I am made and remade continually. Different people draw different words from me.

Virginia Woolf

The information available about digital literacies and identities often is too theoretical. We can take as an example the work presented by Engeness et al. [1] where analyzes the teacher’s digital identity from a theoretical perspective.  The digital identity is defined as a dynamic and ongoing process that involves making sense of and reinterpreting the beliefs, values, and educational experiences in light of new contexts and frames of relationships in the contemporary digital society.

Continuously frameworks, definitions, and taxonomies are created to picture the aspects that need to be covered when we enter the digital world. However, as many can already know the digital world is characterized by chaos. The number of platforms and services is continuously growing. The face-to-face rules are not applicable anymore. Any community has its own rules. Oceans of information and data. Anonymity. Hate and collaboration in the same space.

 The digital work brings the good, the bad and the ugly all at the same time. People are capable to find miracles from unknown people at the same time others only find hate.

Therefore, we can agree that the definition of a professional positive digital identity is a hard task. Everyone wants to cause a good impression, but making mistakes is something that happens very often when you are new in any domain. The difference with the real world is that digital mistakes can be store forever and have the potential to reach the entire world population. Scary, isn’t it?.

With this in mind, I decided to dedicate the first entry of my blog to create a small practical guide about how to start to build your positive digital identity as an educator.

1.    The Need of a Positive Identity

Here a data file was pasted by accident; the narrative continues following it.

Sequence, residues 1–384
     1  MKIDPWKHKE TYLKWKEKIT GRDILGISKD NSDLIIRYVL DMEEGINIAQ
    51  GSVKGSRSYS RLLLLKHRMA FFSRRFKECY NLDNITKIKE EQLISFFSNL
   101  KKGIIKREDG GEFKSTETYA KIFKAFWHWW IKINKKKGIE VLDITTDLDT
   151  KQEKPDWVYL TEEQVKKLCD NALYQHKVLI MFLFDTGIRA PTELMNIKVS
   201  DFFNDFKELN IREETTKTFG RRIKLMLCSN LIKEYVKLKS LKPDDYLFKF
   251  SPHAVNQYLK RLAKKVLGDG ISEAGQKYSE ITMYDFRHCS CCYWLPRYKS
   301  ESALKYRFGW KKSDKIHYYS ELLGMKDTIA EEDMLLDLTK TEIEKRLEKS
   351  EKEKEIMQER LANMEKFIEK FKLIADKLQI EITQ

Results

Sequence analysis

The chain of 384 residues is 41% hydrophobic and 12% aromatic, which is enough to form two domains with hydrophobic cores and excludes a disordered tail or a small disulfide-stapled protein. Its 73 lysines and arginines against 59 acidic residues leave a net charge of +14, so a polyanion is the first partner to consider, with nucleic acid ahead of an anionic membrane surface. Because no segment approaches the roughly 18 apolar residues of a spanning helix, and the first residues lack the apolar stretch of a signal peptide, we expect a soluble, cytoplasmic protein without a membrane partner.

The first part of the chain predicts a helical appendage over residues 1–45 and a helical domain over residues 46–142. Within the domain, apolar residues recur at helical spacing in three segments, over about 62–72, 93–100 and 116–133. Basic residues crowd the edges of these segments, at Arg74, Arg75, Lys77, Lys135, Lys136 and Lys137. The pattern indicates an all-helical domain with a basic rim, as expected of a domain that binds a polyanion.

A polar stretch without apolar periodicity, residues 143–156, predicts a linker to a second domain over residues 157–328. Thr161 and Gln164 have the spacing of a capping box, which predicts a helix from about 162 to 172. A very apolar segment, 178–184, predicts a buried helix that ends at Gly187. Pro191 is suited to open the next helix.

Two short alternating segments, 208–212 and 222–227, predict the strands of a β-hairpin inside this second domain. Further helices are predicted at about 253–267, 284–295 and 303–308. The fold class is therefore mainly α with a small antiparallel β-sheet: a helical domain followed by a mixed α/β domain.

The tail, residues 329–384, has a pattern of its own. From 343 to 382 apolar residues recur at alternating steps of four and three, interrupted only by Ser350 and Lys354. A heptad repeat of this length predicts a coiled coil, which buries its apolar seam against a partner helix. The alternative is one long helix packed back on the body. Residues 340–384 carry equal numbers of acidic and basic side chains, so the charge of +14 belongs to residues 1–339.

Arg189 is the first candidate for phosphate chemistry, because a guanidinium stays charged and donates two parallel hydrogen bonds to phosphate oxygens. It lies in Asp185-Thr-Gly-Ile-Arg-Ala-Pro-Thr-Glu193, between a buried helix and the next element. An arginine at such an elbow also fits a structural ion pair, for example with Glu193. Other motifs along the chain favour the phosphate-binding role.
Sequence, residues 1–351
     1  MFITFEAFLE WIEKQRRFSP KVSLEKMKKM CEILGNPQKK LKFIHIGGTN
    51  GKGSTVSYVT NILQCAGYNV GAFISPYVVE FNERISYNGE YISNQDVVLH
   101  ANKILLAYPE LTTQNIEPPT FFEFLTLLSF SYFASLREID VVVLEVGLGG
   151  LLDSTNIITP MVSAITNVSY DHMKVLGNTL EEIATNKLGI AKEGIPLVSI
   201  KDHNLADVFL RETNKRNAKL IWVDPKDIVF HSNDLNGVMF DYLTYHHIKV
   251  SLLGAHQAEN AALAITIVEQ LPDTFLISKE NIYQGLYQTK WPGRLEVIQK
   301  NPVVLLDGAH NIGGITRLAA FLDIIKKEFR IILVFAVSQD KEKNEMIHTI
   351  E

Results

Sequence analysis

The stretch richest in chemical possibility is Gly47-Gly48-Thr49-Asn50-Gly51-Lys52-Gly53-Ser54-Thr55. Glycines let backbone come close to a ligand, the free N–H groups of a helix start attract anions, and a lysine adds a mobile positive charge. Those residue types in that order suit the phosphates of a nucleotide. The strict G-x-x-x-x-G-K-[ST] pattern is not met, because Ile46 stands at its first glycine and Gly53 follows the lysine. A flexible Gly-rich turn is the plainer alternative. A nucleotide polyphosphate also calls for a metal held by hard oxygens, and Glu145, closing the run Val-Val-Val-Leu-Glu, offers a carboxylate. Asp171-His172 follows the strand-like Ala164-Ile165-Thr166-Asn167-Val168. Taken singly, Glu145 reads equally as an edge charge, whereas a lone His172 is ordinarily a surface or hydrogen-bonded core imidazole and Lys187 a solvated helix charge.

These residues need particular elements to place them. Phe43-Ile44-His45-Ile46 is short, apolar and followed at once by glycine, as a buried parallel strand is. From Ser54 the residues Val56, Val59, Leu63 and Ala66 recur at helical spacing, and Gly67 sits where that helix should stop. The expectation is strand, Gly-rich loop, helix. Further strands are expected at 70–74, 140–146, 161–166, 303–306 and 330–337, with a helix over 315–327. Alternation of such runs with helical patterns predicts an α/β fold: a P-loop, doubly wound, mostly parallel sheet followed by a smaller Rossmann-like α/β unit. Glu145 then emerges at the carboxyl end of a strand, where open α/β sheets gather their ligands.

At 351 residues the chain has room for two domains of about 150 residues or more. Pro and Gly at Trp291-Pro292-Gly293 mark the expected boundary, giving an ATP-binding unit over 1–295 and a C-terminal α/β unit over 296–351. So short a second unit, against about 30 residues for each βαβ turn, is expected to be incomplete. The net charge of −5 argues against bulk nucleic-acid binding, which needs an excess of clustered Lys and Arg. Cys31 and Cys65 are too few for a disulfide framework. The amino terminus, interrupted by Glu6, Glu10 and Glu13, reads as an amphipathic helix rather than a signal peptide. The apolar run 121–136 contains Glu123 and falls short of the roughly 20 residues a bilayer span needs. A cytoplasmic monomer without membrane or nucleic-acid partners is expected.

But…  First things first. Why do we need a professional positive digital identity?

Our digital identity is often seen as an extension of our CV. Some employers may look online as part of their recruitment process to find out a bit more about the job candidates [2].

 Use of the social media during recruitment processes [2]

Professional networks are created also base on digital identities and affect your career opportunities. This applies especially to scholar and educators that are seen by the society as role models for their students.  What is posted on the internet can have repercussions on your future and how others perceive you.

In addition, several benefits can be obtained from actively developing and managing our digital footprint [3]. For example, we can showcase our work, build our networks, enhance our employment prospects or promote “digital citizenship” by behaving responsibly to set a good example, sharing useful resources, raising awareness of, or support for, good causes, and calling out fake news.

2.    Avoid a Negative Image

There are some very basic things that can be done to avoid negative image:

  • The first rule should be always to think before posting. Think about the implications and how that can affect you or the people involved.  A good resource that can be used is the STEP approach presented in [4]. The STEP approach includes four stages: Stop before posting, Think what you want to say, Empathize with your audience and Post.